Martin Luther King Jr., Snapchat, AQI, More: Thursday Evening ResearchBuzz, August 27, 2021


CNET: Fortnite lets players re-live Martin Luther King Jr.’s ‘I Have a Dream’ speech. “The experience, called March Through Time, will let players visit a ‘reimagined’ Washington, DC, of 1963. It will include collaborative quests and mini games, pop-up galleries, educational resources, ‘museum-inspired points of interest and historical imagery’ intended to give context to the speech, Fortnite said Thursday.”


The Verge: Snapchat’s New AR Features Can Identify The World Around You. “Starting Thursday, a feature called Scan is being upgraded and placed front and center in the app’s camera, letting it identify a range of things in the real world, like clothes or dog breeds.”

TechCrunch: BreezoMeter, which powers air quality in Apple’s Weather app, launches Wildfire Tracker. “BreezoMeter has been on a mission to make environmental health hazard information accessible to as many people as possible. Through its air quality index (AQI) calculations, the Israel-based company can now identify the quality of air down to a few meters in dozens of countries. A partnership with Apple to include its data into the iOS Weather app along with its own popular apps delivers those metrics to hundreds of millions of users, and an API product allows companies to tap into its data set for their own purposes.”

The Next Web: Facebook’s ‘Project Aria’ wearable looks like lame old Snap-style glasses. “It’s been almost a year since Facebook first unveiled its ambitious AR vision called project Aria. While it was mostly about conceptual ideas and providing a ‘sensor platform’ to developers, we never got to hear more about it — until now.”


MakeUseOf: How to Secure Your WordPress Website in 5 Simple Steps . “WordPress powers over a third of all websites on the internet today. It’s a favorite for many webmasters because of its low barrier to entry for rookies, and virtually unlimited extendability for pro users. With this popularity, WordPress also attracts lots of hackers and security threats. There’s no reason to panic, however, if you take a few simple precautions. Here they are.”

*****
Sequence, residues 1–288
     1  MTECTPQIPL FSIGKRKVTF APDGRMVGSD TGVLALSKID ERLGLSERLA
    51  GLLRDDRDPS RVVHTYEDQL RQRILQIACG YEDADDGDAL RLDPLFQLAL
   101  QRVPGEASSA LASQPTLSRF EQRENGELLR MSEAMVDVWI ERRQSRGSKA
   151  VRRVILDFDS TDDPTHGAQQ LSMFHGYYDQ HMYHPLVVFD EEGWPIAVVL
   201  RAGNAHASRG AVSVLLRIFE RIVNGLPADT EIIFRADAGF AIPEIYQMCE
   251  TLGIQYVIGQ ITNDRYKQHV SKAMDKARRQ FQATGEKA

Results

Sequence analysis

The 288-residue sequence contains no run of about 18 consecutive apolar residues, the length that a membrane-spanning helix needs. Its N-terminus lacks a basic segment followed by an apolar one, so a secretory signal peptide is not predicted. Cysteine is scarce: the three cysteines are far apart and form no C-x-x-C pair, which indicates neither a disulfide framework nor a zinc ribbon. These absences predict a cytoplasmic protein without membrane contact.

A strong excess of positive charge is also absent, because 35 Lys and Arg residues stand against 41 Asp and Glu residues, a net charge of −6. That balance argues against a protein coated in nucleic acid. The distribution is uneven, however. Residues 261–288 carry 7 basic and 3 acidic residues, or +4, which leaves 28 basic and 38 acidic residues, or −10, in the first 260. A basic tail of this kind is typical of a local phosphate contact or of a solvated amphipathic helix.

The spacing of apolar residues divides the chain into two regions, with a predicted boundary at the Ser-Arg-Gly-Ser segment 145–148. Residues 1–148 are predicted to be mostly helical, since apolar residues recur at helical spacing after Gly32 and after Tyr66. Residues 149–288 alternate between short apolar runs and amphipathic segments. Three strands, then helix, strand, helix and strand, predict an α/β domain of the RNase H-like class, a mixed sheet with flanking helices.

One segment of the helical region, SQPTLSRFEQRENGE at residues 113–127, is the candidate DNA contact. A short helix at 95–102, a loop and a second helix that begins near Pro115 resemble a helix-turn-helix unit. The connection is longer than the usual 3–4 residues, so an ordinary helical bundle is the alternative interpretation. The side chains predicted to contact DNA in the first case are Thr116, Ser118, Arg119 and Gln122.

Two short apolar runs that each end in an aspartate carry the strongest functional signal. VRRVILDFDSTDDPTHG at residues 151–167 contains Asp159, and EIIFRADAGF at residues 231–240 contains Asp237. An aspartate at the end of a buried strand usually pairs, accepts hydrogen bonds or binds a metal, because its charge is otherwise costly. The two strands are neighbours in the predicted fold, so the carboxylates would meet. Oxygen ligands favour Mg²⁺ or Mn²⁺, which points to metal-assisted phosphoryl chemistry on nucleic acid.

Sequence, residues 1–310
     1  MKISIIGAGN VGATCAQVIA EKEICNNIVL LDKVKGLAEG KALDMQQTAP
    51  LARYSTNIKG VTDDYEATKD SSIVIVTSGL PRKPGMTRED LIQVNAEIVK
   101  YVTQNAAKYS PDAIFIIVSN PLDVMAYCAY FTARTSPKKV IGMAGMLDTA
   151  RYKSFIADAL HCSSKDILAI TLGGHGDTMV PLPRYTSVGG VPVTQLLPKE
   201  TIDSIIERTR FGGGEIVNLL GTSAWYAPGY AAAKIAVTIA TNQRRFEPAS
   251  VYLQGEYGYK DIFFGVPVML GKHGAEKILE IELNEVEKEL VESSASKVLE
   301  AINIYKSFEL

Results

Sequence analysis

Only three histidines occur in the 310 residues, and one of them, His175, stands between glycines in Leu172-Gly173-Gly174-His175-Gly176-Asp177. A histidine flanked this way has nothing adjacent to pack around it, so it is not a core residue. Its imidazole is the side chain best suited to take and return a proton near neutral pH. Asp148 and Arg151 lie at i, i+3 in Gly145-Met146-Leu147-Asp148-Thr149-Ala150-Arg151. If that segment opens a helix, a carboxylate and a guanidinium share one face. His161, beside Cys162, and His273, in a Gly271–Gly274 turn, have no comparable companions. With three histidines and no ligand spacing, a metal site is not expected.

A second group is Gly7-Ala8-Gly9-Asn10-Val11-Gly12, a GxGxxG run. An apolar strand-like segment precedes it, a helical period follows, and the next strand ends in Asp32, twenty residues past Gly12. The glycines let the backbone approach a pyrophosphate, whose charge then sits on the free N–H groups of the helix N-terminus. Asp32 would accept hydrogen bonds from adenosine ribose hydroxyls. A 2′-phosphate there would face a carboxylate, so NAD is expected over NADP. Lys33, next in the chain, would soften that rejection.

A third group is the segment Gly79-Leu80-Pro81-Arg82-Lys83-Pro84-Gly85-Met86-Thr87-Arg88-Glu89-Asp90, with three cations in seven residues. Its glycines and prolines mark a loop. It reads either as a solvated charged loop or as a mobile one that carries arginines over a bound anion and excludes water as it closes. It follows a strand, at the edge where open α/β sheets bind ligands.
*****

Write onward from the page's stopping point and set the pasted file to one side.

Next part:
Lifehacker: The Fastest Way to Clear Your Recent Browsing History in Every Browser. “Listen, we’re not here to judge or ask questions. You need to clear your recent browsing history—and fast. Lucky for you, we can help. Whether you use Chrome, Edge, Firefox, or Brave, there’s a keyboard shortcut to help you delete your most recent web history as fast as possible, should you need to do so for reasons that are none of our business.”


Indian Country Today: $517K Grant awarded to team addressing digital inclusion in tribal libraries. “The Association of Tribal Archives, Libraries, and Museums (ATALM) and the Simmons University Community Informatics (CI) Lab have been awarded $517,078 through the Institute of Museum and Library Services (IMLS) 2021 National Leadership Grants for Libraries Program. This year, just 22.7% of applicants saw their projects get approved.”

The Scotsman: Google-rivalling Scottish search engine with green credentials secures investment . “Google rival Better Internet Search is an ad-free search engine that also pledges to preserve user privacy. The venture is said to have attracted support from a coalition of British and European companies, committed to advancing a next-generation internet that is ‘more tailored to the needs of users rather than a small number of tech giants’.”


Motherboard: How Data Brokers Sell Access to the Backbone of the Internet. “There’s something of an open secret in the cybersecurity world: internet service providers quietly give away detailed information about which computer is communicating with another to private businesses, which then sells access to that data to a range of third parties, according to multiple sources in the threat intelligence industry.”


Newswise: New cell phone and smart watch models can interfere with pacemakers and defibrillators. “After reports of smart phone and watch interference with implanted medical devices, investigators affiliated with the Center for Devices and Radiological Health (CDRH) at the US Food and Drug Administration conducted a study that supports the FDA recommendation that patients keep any consumer electronic devices that may create magnetic interference, including cell phones and smart watches, at least six inches away from implanted medical devices, in particular pacemakers and cardiac defibrillators.” Good evening, Internet…

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